Whirlwind ASEAN Day 20: Cameron Highlands

The sounds of heavy rain welcomed me when my alarm rang. It’s the first time this trip that I needed an alam to wake up. Maybe I’m already tired from all the traveling I’ve done over the past weeks. I like to think it’s because of the constant bed weather here in the Highlands. It’s too comfortable to wake up early.

I hoped the rain would stop before 8 AM just so the tour I booked yesterday would push through. The staff of the lodge assured me and the other people in the tour group that our driver/guide Mike was an expert at making the sun appear. Sure enough, the rain stopped and we drove up the mountain on our Land Rover.

Mike and our 4x4

Mike and our 4×4

Mike decided to delay climbing Gunung Brinchang to let the clouds clear so our first stop was the Butterfly Garden (5 MYR). This was more like a mini zoo than a butterfly garden with several small animals placed randomly among the flowers. As for the butterflies, when you enter the facility you see several large colorful butterflies lined up among the flowers. None of these were particularly active, it looked like they were pacified somehow. Even though they were perched on flowers, none of them were sucking up any nectar or even displaying any movement. You can literally pick them up and they wouldn’t move an inch. In terms of variety I only saw a maximum of 3 species. Not particularly impressive for a butterfly garden. The butterfly garden in the Bacman EDC site had better variety and we’re obviously more healthy. No wonder they had other animals here! They wouldn’t attract many customers with just their butterflies.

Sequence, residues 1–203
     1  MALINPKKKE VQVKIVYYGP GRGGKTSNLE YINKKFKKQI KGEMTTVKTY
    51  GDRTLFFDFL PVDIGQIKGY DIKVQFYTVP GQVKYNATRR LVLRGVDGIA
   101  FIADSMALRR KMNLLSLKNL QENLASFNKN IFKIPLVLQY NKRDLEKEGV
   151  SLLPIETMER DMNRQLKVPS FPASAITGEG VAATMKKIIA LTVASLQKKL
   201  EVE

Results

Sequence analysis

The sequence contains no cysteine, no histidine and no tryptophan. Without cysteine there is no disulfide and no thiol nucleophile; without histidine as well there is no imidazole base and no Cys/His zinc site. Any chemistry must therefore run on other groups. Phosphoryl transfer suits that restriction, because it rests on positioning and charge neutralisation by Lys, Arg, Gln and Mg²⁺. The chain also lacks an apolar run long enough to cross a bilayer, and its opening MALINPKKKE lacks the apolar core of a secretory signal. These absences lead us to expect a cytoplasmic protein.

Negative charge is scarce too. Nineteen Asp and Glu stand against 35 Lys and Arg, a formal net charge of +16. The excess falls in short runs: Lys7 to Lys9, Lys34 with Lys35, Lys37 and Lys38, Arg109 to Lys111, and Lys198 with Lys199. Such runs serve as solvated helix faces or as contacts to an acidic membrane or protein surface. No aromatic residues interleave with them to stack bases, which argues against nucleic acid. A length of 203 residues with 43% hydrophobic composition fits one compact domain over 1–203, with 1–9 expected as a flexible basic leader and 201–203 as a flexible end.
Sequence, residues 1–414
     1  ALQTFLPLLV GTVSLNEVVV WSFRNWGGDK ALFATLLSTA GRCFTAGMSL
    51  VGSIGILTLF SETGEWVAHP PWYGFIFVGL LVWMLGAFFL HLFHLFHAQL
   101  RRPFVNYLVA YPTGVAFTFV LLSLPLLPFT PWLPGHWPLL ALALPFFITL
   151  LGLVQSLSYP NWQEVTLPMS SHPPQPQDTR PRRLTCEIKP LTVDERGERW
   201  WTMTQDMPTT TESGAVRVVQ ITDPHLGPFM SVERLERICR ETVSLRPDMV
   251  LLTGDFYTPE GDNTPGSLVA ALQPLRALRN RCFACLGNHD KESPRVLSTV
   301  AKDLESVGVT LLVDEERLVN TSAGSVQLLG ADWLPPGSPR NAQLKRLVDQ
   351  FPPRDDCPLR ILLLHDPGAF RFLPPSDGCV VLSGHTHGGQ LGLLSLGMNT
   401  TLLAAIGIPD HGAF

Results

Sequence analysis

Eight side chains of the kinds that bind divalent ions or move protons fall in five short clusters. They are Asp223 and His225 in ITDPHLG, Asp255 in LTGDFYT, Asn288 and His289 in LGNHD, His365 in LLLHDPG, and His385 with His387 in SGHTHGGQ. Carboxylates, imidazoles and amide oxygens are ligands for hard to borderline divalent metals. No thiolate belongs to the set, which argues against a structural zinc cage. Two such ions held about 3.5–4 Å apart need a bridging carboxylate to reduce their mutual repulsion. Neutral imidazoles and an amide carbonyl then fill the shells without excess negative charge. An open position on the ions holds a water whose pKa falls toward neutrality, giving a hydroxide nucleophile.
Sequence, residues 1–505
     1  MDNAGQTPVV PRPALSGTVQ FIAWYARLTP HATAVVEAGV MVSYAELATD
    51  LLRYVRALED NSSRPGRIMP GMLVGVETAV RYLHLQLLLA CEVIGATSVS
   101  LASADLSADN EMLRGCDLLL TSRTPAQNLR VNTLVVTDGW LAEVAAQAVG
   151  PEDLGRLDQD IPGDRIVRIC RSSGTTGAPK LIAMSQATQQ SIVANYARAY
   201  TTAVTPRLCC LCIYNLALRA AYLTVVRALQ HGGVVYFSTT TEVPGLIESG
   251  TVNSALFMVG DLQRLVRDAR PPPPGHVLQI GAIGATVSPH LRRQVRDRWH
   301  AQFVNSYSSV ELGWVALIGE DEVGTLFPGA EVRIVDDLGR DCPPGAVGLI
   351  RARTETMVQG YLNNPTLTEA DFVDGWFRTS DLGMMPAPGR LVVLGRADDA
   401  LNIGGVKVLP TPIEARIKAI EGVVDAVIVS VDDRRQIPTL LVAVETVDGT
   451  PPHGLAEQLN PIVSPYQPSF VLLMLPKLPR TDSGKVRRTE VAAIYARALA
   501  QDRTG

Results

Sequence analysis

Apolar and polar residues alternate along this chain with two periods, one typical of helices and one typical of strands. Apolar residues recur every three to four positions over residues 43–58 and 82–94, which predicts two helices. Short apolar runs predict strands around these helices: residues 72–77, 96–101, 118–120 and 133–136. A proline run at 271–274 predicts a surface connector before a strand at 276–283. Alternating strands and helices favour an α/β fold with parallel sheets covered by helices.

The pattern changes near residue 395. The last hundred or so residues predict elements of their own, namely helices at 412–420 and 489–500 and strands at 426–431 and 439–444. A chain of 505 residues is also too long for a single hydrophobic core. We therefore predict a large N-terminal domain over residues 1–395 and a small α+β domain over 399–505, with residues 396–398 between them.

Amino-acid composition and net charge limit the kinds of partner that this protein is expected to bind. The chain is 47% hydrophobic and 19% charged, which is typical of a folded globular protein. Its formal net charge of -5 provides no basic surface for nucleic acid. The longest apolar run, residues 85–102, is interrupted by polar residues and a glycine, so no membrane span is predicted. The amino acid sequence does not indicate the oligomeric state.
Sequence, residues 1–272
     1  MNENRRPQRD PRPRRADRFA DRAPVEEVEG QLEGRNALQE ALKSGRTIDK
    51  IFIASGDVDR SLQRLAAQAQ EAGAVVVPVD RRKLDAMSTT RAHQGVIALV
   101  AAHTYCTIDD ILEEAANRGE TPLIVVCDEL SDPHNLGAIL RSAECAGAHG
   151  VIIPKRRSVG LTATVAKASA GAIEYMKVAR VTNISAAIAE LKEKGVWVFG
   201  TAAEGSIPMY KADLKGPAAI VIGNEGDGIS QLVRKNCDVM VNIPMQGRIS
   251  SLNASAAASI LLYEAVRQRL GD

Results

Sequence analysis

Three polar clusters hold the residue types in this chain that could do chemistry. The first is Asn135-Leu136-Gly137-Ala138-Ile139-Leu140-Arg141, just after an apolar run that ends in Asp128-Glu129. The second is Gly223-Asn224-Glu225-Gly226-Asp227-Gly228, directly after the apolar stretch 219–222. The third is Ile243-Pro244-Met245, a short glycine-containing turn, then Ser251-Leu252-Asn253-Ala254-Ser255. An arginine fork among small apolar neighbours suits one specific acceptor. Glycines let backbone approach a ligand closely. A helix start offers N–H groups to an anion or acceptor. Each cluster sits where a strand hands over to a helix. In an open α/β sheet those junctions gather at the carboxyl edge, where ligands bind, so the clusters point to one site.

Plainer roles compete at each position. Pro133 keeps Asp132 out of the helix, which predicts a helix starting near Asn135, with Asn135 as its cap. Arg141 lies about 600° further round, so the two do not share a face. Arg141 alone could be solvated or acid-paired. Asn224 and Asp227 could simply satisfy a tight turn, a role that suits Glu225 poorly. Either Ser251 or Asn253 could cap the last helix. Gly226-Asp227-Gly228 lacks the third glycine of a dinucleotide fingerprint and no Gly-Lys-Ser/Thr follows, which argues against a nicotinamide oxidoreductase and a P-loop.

The large stagnant butterflies

The large stagnant butterflies

 

Viper and myself getting a photo together

Viper and myself getting a photo together

 

OLYMPUS DIGITAL CAMERANext up was the Boh Sungei Palas Tea Plantation, the largest tea producer in Malaysia. The entrance to their plantation is just a few meters past the butterfly garden and it is an amazing sight to see. Visually, I find this more interesting than the terraced rice fields because they have a certain “texture”. They have 600 hectares in total and this is harvested by 200 people paid 0.20 MYR per kilogram. According to Mike, these workers gather anywhere between 100 – 300 kg per day depending on the equipment they use. They carry this all the way to the processing facility on the day that they harvest it to ensure maximum freshness of the tea leaves. They also have a cafeteria beside the factory where tourists can taste the different kinds of tea while enjoying the sight of the tea plantation.

Boh Sungei Palas Tea Plantation

Boh Sungei Palas Tea Plantation

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Finally it was time to go all the way up Gunung Brinchang. At 6666 ft, it’s the highest point in the Cameron Highlands. It’s also one of the few mountain peaks accessible by car. No tiring treks needed! Unfortunately, the views were mostly covered by clouds although Mike says it was better today than yesterday.

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Before going back to Tanah Rata, we walked through the mossy forest. Pitcher plants are commonly seen here and the pristine forest is really beautiful to walk through (if you don’t mind getting muddy). I haven’t been inside a nice forest in more than 2 years already so it was refreshing to walk through one again. For those who don’t want to get their feet dirty, there is also a boardwalk through the forest although I preferred getting muddy. It’s just more fun that way.

The mossy forest

The mossy forest

Tiny pitchers

Tiny pitchers

Boardwalk through the forest

Boardwalk through the forest

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As we made our way back to the town, it started raining again and wouldn’t stop until late in the afternoon. There goes my plan to do one of the walking trails. I really didn’t mind as I was content to read a book in the comfy chairs of the lodge while listening to the rain.

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